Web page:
My mission was to survive a 17-hour non-stop flight from New York to Bangkok -- in economy class -- with my toddler daughter Ella. The tactic was simple -- just wing it and hope her genes meant that she was as good a long-haul flyer as I am. The results were as follows:
Lessons to be Learned From Flying with a 22-Month-Old Child:
Lesson #1: To Purchase a Seat or Not Purchase a Seat? That is the Question
Yes, it's true -- I could have spent the $1,000 to purchase a seat for my daughter but I declined and decided that as this was her final overseas trip (yes she has already done several) before she turns two and will actually have to pay for a ticket, I would take the money-saving option.
This in itself could have spelled "nightmare," especially when an elderly and very kind Bangladeshi man sat down right next to my husband and me in a center row with only three seats. He looked more shocked at the prospect of having to travel in such close proximity to a baby than I was to discover that although I had booked two aisle seats (hoping that nobody would take the center seat between us), we weren't going to get that spare seat after all.
Flying with anything on your lap for 17 hours, let alone 30-pounds of energy and restlessness, is close to impossible. Ultimately my decision to pre-request seats in the middle section paid off when the steward, seeing the look of absolute despair on my face, moved Mr. Bangladeshi to the only two spare seats on the plane directly across from us just before take off from JFK.
Next stop would be Bangkok, Thailand via the North Pole (no really -- they fly over the top of the world and then south over Russia, Mongolia and China etc.) Okay, so far so good, but as it was midday and my daughter Ella is an active, shall we say somewhat rambunctious "big girl," there was still the matter of entertaining and feeding her.
Lesson #2: Which Airline to Fly
I will say upfront that I paid for these airline tickets in full so unfortunately no kind PR person at Thai Airways (tel. 800/426-5204; www.thaiair.com) comped my flights. It may be a generalization, but there is something so endearing and kind about the flight staff of Asian-based airlines that really makes even a 17-hour flight from hell bearable. That Asian hospitality begins the minute you step on board and no request is too great. The flight attendants offered to sterilize my baby bottles for me, gave us extra meals for Ella and snacks for me at 4am (I think that was New York time). They also entertained Ella, gave her toys to play with, looked after her during my bathroom breaks and were more than happy to show me photos of their babies when I visited the galley. I'd like to see that level of service on a U.S.-based carrier.
Lesson #3: Learn From Other, Smarter Parents
Yes there are better, more adept flying parents out there and the best lesson is to observe. I noticed one couple with two children under the age of three who had cleverly brought every imaginable toy, craft and child distraction with them. There were sticker books, finger paint that only appears on special paper (so no spills or mess), toys and DVDs. Food is also an issue when traveling with a small child and although I had prepared several of her favorite snacks, the best decision was to bring Ella's dinner from home (which the flight attendant kindly heated in the first class microwave for me). One thing I did forget was a full set of additional clothes (apart from pajamas) and after Ella spilled something resembling ketchup all over her pants, I soon realized that the smarter family seated in front of us had a full supply of extra outfits on hand. The first eight hours of the flight were made up of walks up and down the aisle, visits to the galley, pointing out exciting features (like the lights and buttons) to Ella and trying to balance head phones on her tiny, delicate ears. The in-flight video screens are great but hardly a distraction for more than ten minutes to an active toddler.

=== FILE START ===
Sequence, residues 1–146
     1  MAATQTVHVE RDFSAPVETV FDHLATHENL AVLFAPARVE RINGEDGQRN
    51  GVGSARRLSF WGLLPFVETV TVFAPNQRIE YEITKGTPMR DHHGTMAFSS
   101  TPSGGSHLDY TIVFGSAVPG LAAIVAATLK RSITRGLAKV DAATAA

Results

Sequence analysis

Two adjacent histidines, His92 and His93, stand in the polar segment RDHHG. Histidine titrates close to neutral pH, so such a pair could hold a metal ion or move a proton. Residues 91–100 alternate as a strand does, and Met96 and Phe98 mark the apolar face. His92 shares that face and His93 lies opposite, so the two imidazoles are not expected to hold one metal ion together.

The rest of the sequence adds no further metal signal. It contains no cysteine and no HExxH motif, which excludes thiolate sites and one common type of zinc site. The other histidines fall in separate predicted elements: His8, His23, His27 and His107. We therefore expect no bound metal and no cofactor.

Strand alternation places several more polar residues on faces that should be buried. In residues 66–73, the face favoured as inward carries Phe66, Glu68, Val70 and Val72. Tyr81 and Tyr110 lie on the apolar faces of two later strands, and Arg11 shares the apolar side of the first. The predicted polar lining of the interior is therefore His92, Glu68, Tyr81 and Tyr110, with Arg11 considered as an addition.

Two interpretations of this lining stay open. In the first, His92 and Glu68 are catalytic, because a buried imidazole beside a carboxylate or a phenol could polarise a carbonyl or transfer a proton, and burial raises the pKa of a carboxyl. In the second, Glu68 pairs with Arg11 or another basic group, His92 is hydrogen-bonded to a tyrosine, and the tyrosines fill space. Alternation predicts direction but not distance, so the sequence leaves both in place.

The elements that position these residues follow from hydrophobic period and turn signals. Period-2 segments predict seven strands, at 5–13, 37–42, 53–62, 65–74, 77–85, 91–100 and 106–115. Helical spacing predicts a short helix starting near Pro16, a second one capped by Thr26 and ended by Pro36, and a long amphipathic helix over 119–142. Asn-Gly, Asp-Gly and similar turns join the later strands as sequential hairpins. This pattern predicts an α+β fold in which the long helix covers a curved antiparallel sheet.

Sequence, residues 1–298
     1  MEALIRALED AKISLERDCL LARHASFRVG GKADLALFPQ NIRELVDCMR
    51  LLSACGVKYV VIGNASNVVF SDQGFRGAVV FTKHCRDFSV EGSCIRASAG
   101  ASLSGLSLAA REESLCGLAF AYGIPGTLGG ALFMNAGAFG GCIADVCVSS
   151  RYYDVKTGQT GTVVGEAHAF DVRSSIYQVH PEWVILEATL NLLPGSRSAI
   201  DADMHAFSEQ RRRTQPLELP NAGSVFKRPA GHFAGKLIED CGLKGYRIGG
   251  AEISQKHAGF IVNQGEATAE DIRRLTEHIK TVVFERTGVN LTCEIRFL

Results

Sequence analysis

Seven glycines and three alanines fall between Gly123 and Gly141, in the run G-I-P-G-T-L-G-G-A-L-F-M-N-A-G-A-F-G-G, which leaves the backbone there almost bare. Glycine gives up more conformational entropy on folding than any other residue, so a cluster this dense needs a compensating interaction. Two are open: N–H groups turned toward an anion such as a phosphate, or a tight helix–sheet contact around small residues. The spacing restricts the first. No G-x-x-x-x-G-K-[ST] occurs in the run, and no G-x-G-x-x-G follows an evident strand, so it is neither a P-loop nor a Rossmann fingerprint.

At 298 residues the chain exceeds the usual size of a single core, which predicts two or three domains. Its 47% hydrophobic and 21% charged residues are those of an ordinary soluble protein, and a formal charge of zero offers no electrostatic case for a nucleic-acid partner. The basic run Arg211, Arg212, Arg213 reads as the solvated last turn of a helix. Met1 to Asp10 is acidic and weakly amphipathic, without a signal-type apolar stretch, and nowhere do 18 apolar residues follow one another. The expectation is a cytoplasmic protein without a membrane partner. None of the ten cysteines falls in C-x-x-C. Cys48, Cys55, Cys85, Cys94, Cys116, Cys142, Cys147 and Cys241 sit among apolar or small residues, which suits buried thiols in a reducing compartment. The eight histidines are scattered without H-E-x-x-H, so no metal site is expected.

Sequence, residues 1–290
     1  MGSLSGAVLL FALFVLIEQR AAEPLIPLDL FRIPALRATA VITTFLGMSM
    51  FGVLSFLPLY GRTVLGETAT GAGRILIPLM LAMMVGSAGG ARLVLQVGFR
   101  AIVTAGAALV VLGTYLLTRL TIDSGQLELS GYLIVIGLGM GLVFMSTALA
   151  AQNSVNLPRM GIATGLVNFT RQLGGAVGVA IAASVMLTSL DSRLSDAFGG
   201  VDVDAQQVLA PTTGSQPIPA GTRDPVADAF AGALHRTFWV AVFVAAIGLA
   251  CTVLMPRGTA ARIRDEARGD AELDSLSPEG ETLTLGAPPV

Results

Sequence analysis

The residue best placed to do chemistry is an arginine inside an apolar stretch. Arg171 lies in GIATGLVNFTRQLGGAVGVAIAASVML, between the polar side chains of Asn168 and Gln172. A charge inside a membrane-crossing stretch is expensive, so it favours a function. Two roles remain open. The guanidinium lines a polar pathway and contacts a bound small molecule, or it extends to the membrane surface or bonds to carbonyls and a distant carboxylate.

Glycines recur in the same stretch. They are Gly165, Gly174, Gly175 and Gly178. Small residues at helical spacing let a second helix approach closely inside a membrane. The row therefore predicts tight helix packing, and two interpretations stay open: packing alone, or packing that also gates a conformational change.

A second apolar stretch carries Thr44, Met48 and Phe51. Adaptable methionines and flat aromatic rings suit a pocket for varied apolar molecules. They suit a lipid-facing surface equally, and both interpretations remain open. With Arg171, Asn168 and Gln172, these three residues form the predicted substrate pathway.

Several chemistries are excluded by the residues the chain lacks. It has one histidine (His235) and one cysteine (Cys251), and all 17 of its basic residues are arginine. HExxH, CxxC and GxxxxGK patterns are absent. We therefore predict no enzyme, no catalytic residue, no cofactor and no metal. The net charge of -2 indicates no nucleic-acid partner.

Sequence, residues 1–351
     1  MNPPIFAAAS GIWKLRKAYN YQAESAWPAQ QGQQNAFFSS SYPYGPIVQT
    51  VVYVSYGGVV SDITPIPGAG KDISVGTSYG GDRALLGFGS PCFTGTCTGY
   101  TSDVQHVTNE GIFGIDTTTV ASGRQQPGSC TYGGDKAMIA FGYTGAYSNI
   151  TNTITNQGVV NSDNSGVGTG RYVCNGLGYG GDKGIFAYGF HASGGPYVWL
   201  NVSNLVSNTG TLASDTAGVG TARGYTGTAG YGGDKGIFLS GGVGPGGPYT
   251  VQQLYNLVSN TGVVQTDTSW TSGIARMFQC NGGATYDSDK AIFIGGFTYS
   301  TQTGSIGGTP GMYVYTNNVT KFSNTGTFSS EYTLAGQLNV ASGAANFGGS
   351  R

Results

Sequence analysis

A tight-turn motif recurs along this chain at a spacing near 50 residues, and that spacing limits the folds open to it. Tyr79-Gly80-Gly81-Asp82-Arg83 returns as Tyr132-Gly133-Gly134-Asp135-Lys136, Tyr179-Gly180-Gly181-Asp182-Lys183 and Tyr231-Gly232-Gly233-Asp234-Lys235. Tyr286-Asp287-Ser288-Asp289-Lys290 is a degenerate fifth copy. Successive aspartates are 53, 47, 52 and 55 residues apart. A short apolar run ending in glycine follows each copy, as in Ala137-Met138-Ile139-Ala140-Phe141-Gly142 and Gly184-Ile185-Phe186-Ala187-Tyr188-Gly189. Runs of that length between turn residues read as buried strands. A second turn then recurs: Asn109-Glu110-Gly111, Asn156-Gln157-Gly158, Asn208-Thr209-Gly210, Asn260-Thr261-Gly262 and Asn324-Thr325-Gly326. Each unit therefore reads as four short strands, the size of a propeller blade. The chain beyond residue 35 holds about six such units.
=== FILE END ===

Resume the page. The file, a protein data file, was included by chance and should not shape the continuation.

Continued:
Lesson #4: Sleeping is a Luxury
When the chance of catching a couple of hours of sleep finally looked like becoming a reality, I was horrified to hear Mr. Bangladeshi snoring like a freight train. I also discovered that the airline had stopped giving away those handy eye patches and I had not so cleverly packed mine with my toiletries, which of course were safely tucked into my suitcase in the luggage hold. Ultimately sleep is not really an option, unless you are one of those people that has the ability to slumber anywhere under any condition. The two to three hours I did manage to get while my daughter slept with her head on my lap and her legs dangling over my husband's knees were less than satisfying but much appreciated.
The Final Lesson: Is Long Haul Not Too Long?
At the time I may not have said so, but flying non-stop really is the best alternative, although I reserve the right to retract this statement based on my experience in a few weeks' time when I will be doing the same flight in reverse without my husband to share the burden and straight after a eight hour flight from Australia to Bangkok. Ultimately we arrived in our destination (Phuket) after some 24 hours of travel door to door and Ella went straight to sleep and didn't wake up for eight hours -- an absolute godsend. I can't promise that it will be pretty, but at least you can be rest assured (when you arrive of course) that you will reach your destination earlier and your child will forgive you. Eventually.
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